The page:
There is strong evidence for LLIN effectiveness, with a meta-analysis of nearly two dozen randomized controlled trials finding that insecticide-treated bed nets reduce parasite prevalence by 13%3. However, the operational effectiveness of LLINs in field conditions remains uncertain, especially given the number of different active ingredients used in LLINs and the different levels of insecticide resistance across sub-Saharan Africa. A recent study using population-based, cross-sectional surveys from seven countries across sub-Saharan Africa found that children sleeping under an insecticide-treated bed net the previous night experienced 24% lower odds of malaria23. This study, however, did not consider how effects might vary according to the insecticide nets were impregnated with, nor did it consider the age of the net. Conversely, a large prospective study conducted across four sub-Saharan African countries found that LLINs remained effective across a range of insecticide resistance levels24. However, combined, these two studies cover just eleven of 46 sub-Saharan African countries, a region that makes up 90% of the world’s malaria burden25. Therefore, information on bed nets impregnated with different insecticides, of different ages, and from more countries is needed.
Currently, the WHO recommends using either prospective, longitudinal studies or retrospective, population-based cross-sectional surveys to provide evidence for the durability and insecticide activity of nets under field conditions26. Prospectively monitoring malaria incidence against different interventions to determine their effectiveness is rare, however, owing to the considerable resources needed to conduct a longitudinal study. Conversely, population-based cross-sectional surveys have the advantage that they are often conducted at scale for other surveillance purposes, eliminating the extensive resources required for a prospective study. To our knowledge, however, population-based Demographic and Health Surveys (DHS) and Malaria Indicator Surveys (MIS) have yet to be used to investigate the effectiveness of LLINs of different ages and treated with different insecticides. Therefore, the aim of this study is to use DHS and MIS surveys to assess the effect of LLINs on the odds of malaria infection in children less than 5 years of age across 21 countries in sub-Saharan Africa. It investigates whether protection varies with LLINs of different ages and impregnated with different insecticides, and explores whether these effects vary by country.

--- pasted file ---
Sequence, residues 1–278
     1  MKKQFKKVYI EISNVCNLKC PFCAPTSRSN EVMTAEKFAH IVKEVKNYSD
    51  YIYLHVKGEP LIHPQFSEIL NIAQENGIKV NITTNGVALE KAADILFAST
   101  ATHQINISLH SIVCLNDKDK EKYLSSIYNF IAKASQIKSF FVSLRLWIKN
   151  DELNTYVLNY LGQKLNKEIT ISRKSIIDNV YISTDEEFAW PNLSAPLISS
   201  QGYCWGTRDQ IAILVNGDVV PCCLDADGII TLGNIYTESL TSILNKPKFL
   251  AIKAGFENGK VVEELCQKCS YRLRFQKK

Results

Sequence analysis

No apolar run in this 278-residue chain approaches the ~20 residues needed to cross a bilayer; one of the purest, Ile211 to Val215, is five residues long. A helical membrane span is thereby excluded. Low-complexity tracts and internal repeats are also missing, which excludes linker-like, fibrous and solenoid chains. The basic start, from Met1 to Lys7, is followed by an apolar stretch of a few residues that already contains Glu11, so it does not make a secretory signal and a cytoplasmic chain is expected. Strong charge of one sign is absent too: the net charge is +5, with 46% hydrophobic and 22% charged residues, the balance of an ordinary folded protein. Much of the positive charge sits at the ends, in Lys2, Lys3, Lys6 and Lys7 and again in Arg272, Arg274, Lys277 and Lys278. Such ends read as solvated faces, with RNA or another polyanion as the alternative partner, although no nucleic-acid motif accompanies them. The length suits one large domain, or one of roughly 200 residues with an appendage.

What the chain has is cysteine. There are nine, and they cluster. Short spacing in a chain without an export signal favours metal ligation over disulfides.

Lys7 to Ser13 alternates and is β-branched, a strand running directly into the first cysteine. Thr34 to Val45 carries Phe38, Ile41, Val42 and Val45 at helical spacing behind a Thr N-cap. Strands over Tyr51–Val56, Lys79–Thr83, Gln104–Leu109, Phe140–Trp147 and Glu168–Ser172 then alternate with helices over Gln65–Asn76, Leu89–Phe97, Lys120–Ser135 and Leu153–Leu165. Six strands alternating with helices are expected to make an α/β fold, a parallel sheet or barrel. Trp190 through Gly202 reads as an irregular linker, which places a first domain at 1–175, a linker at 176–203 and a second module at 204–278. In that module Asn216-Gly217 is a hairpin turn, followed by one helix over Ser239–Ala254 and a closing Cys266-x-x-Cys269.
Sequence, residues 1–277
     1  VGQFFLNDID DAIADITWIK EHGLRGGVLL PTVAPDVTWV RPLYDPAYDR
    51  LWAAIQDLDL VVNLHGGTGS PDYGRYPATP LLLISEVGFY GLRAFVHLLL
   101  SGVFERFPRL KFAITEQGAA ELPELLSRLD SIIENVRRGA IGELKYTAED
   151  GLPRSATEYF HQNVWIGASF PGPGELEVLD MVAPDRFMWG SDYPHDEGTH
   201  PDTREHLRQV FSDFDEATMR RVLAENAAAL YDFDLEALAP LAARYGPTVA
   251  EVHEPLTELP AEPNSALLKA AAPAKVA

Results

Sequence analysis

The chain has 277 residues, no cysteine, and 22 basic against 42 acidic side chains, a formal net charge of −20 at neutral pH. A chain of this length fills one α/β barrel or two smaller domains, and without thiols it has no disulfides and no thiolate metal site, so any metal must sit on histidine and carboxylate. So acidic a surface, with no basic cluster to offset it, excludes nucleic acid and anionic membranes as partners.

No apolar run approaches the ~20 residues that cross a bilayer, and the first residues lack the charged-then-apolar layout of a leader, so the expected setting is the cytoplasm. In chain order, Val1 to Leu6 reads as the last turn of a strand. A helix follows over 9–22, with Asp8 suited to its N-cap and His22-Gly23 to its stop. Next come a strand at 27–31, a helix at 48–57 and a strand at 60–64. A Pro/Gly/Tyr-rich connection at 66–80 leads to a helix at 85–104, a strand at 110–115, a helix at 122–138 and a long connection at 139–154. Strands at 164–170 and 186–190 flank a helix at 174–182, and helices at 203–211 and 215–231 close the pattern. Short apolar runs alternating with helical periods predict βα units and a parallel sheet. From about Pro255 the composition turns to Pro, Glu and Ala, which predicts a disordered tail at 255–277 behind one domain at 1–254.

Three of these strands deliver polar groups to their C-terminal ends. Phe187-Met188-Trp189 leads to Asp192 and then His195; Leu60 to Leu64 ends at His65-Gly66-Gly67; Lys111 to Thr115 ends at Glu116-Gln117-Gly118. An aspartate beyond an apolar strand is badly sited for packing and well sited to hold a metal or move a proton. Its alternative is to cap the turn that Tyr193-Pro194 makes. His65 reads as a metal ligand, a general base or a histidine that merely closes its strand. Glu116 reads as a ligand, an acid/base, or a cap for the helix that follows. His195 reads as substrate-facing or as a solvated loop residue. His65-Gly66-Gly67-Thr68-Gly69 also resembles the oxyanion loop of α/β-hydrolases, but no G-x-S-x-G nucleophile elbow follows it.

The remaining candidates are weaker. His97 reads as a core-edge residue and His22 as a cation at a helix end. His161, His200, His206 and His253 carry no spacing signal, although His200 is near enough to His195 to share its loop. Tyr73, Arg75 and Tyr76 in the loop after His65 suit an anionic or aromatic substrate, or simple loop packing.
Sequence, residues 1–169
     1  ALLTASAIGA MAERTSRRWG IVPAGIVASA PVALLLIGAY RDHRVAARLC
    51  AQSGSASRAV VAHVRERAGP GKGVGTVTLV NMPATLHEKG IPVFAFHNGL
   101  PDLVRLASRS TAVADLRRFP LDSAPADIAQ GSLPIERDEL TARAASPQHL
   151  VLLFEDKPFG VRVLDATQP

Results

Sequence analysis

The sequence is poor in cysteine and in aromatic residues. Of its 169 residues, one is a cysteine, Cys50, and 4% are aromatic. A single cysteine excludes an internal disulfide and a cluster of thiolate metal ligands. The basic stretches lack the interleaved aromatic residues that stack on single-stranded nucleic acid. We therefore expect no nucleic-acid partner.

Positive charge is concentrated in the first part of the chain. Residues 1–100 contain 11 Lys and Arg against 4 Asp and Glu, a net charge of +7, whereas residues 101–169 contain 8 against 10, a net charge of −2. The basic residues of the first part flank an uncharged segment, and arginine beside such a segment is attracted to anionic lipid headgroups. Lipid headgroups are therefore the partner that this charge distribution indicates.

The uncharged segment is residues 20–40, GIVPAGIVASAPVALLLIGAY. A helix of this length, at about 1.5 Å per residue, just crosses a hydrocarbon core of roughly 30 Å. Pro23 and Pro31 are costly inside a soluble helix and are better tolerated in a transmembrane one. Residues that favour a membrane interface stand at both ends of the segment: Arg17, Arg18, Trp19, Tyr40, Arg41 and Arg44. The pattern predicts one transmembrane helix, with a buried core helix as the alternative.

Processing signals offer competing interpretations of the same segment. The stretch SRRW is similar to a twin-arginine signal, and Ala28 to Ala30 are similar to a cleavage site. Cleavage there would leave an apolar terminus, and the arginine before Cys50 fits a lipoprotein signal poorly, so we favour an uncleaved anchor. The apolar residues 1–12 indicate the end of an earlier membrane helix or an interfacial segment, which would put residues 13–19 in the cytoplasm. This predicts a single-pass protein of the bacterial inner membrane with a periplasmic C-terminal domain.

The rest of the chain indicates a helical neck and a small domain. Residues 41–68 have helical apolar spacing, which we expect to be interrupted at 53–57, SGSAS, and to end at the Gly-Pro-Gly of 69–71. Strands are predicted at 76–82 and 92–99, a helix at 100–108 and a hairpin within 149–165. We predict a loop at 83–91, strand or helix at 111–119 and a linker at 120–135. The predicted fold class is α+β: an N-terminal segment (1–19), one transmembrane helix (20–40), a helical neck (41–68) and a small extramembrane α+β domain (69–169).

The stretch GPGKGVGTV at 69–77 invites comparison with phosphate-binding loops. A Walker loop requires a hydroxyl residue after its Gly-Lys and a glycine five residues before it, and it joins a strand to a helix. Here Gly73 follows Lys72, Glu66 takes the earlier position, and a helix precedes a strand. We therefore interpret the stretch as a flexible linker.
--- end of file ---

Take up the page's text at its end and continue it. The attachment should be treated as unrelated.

A total 169,013 children younger than 5 years of age from 33 DHS and MIS surveys conducted in 21 countries from 2009 to 2016 across sub-Saharan Africa were initially screened for inclusion. A total of 886 children who did not have a malaria rapid diagnostic test (RDT), and 5,038 who slept under an untreated net were excluded. An additional 126 children were excluded due to missing data, yielding a final sample of 162,963 for analysis. Supplementary Figure 1 shows a flow diagram for the study.